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Saturday, June 4, 2016

Hoka One One: Pros and Cons

This is a good review of the Hoka One One shoe line. While it may be an introduction to some, my patients have been using these shoes for the last 4-5 years. The negatives for some are the almost zero heel drop (more stress on the achilles), the relatively poor durability, the elevation off the ground (more risk of ankle sprains), and the narrow and shallow toe box (poor for wide feet and orthotic fittings). The positives are almost zero heel drop (great for metatarsal problems), the rocker (great for metatarsal problems), the overall great cushion for shock absorption, and the lightness. So, there are patients that benefit, and the shoe line should be around for a long time.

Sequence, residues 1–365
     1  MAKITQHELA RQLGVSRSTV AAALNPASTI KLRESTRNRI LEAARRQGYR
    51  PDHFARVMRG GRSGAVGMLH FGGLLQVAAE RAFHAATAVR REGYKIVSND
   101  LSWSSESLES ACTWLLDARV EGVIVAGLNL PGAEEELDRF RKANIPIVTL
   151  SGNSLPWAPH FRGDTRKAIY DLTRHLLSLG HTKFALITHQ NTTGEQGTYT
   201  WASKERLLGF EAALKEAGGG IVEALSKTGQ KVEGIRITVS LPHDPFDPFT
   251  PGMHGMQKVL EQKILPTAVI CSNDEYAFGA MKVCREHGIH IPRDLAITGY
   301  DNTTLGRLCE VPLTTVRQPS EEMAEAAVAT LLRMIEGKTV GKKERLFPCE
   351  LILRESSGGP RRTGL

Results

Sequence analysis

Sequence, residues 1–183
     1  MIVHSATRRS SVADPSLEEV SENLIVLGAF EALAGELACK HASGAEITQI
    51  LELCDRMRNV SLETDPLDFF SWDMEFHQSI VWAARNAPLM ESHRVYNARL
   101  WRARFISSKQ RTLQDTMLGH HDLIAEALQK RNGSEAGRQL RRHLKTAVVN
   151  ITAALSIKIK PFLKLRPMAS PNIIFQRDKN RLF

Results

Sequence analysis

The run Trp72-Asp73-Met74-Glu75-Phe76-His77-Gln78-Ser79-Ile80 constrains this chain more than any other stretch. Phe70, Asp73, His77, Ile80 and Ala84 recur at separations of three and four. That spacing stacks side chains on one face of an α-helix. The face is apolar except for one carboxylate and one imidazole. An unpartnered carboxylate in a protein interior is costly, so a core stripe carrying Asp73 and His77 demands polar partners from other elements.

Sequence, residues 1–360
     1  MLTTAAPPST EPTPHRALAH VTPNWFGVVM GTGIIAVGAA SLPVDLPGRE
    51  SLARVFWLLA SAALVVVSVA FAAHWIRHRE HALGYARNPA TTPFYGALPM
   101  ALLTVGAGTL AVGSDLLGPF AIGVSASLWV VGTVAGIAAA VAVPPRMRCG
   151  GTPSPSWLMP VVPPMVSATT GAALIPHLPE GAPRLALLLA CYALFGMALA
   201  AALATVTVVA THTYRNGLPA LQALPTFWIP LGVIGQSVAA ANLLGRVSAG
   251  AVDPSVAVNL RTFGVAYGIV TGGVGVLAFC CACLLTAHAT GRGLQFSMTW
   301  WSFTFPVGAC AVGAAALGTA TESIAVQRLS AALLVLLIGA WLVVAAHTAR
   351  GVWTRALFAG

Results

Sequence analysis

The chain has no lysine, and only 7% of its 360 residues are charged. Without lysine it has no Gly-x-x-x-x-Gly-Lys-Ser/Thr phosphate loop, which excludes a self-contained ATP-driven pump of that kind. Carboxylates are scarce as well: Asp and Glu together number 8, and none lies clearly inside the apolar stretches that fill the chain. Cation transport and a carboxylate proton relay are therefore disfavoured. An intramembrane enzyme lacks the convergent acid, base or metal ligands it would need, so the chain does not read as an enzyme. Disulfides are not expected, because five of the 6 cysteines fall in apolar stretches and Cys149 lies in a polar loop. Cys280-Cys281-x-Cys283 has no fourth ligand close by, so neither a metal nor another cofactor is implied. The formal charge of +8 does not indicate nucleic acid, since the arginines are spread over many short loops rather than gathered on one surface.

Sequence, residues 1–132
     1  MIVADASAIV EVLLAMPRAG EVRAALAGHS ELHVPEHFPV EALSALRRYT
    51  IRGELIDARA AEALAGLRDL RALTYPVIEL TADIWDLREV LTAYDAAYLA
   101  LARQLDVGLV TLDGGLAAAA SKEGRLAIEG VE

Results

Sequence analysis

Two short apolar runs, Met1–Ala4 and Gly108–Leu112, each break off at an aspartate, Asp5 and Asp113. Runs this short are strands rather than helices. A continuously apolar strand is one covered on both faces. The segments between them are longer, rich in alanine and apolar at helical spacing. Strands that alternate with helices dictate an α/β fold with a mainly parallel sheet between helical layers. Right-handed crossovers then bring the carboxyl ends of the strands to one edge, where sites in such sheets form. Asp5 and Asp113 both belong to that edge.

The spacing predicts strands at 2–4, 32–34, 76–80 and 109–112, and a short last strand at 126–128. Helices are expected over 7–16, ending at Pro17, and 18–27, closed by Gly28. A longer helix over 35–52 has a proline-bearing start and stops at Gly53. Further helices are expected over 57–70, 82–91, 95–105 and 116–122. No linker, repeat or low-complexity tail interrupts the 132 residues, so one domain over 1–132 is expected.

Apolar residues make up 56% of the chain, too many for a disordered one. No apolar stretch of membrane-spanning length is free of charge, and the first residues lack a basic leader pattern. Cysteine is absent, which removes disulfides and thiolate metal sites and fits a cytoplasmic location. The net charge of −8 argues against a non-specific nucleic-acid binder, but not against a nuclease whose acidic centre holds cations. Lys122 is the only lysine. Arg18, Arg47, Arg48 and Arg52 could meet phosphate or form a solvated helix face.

1. First off I talked my husband into buying a pair of Hoka's and lo and behold the inlaid pattern on the bottom of the sole started to lose it's glue and just had to be cut off and then my first pair of Hoka's that I really do like the inlaid pattern on the sole started losing it's glue or whatever they apply it to the bottom of the shoe with. And now the 2nd pair I bought is doing the very same thing. And they are newer and have not been worn as long. What's the problem? In my book that's a 3 for 3 with the VERY SAME PROBLEM..

  2. I found the Hoka soles too thick and caused, I think, me to stumble a few times and then fall when the sole hit an irregularity in the pavement. Fortunately, I wasn't hurt but I retired the Hokas to the back of the closet. At first, I liked them, but the potential stumble variable caused me to stop wearing them.


Thank you very much for leaving a comment. Due to my time restraints, some comments may not be answered.I will answer questions that I feel will help the community as a whole.. I can only answer medical questions in a general form. No specific answers can be given. Please consult a podiatrist, therapist, orthopedist, or sports medicine physician in your area for specific questions.